It is a great irony of Washington: the federal agency closest in proximity to the most powerful political officials in the land is bound by an institutional culture that avoids politics -- and this agency generally draws the short end of the stick as a result. The moment that the Salahi security breach became politicized is the moment that the Secret Service lost control of its public image in ways that are detrimental to the agency and to its morale. And yet -- it had no choice, really. It cannot pick a fight with Congress. It cannot pick a fight with protectees. It cannot even pick a fight with Ronald Kessler, whose recent book about the Service is widely reviled inside the agency.
To choose but one example: the Washington Post obtains an internal report on 91 reported security breaches over a period of 23 years. 91 breaches! That sounds horrible. But to the Service, a breach -- really, a word that contains multitudes -- is many things. When a yahoo jumps over the White House fence and is bitten by a dog and placed in a sniper's crosshairs seconds later, that's a breach over which the Service has no initial control. When a grenade shell is found within the secure perimeter at a presidential event overseas, that's also a breach -- arguably an extremely bad breach -- though -- here again, there is a back-story to the incident that the Service, because it will not discuss methods and won't discuss the conversations its agents have with protectees, cannot tell. (The document in question was written well before the Georgia trip.) Perspective suggests that the Service has a good record. The existence of the 91-breach document is a testament to how seriously the Service takes its protective mission, not the other way around.
Of the 91 breaches recorded from 1980 to 2003, three resulted in someone getting into close proximity to the president. That's 3 in 23 years. After the assassination attempt on Ronald Reagan, the Service began to "mag" each and every person who came within a certain perimeter of the president. Since 1981, not a single person has reached the president without going through the basic screening procedure. It's also worth noting that north of 90% of the people who shake the president's hand receive no background checks.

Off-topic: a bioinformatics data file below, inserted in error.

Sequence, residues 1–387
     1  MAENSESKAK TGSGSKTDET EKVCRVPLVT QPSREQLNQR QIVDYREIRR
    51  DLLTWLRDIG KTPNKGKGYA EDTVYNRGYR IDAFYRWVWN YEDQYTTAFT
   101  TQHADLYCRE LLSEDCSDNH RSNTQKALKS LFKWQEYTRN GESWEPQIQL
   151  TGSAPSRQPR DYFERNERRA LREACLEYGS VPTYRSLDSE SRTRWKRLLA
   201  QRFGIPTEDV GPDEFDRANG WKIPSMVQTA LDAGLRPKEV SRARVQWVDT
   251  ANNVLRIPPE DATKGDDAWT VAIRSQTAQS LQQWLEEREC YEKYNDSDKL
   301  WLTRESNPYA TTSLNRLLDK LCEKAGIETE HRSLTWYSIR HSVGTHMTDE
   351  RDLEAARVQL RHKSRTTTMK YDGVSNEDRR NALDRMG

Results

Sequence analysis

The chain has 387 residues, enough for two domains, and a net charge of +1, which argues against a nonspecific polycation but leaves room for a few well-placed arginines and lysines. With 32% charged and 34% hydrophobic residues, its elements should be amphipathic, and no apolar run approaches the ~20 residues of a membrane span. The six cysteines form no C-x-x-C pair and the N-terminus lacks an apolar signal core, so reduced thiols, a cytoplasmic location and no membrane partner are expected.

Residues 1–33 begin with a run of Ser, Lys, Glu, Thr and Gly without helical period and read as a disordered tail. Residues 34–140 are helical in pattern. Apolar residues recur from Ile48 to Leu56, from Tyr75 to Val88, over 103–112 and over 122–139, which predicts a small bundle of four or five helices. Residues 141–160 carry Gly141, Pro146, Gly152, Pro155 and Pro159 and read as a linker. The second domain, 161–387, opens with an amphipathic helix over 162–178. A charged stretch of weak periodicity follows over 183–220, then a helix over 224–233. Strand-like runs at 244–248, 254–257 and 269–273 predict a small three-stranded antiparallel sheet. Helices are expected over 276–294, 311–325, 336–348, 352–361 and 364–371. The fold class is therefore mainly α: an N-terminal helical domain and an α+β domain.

Take another fiction: a claim that threats to President Obama are 400 percent greater than threats to President Bush. The Secret Service director, Mark Sullivan, has testified that this is false -- indeed, there is no difference in the threat level. The bad factoid is out there, though, contributing to a view that Obama generates more threats than his predecessors. It ain't so. Americans aren't crazier.
At the same time, if the Secret Service's protective intelligence specialists develop concerns about right wing extremism, they cannot voice those concerns, lest they be accused of taking sides in the debate about whether the populist conservative resurgence has a palpably dangerous component.
Fact: state dinner planning is a joint exercise. The Secret Service agent in charge of the advance communicates regularly with various White House staff members, who are intimately familiar with the security plan, even for these routine events. It was manifestly clear to the White House that no staff members were going to be present at the magnetometer checkpoints. And even though the Service took full responsibility for the Salahi breach, the White House released an internal report that essentially admitted that their own procedures contributed to the problem.
Because the Service depends upon Congress for its funding, it cannot alienate this patron. Even though the usefulness of hearing the Service's director testify in public about sensitive security procedures is questionable, the Service cannot complain. For a variety of reasons, they're among the government agencies with the fewest number of allies on Capitol Hill; the FBI, as a counter-example, has plenty of die-hard supporters and detractors who know the agency inside and out. The Service remains an enigma.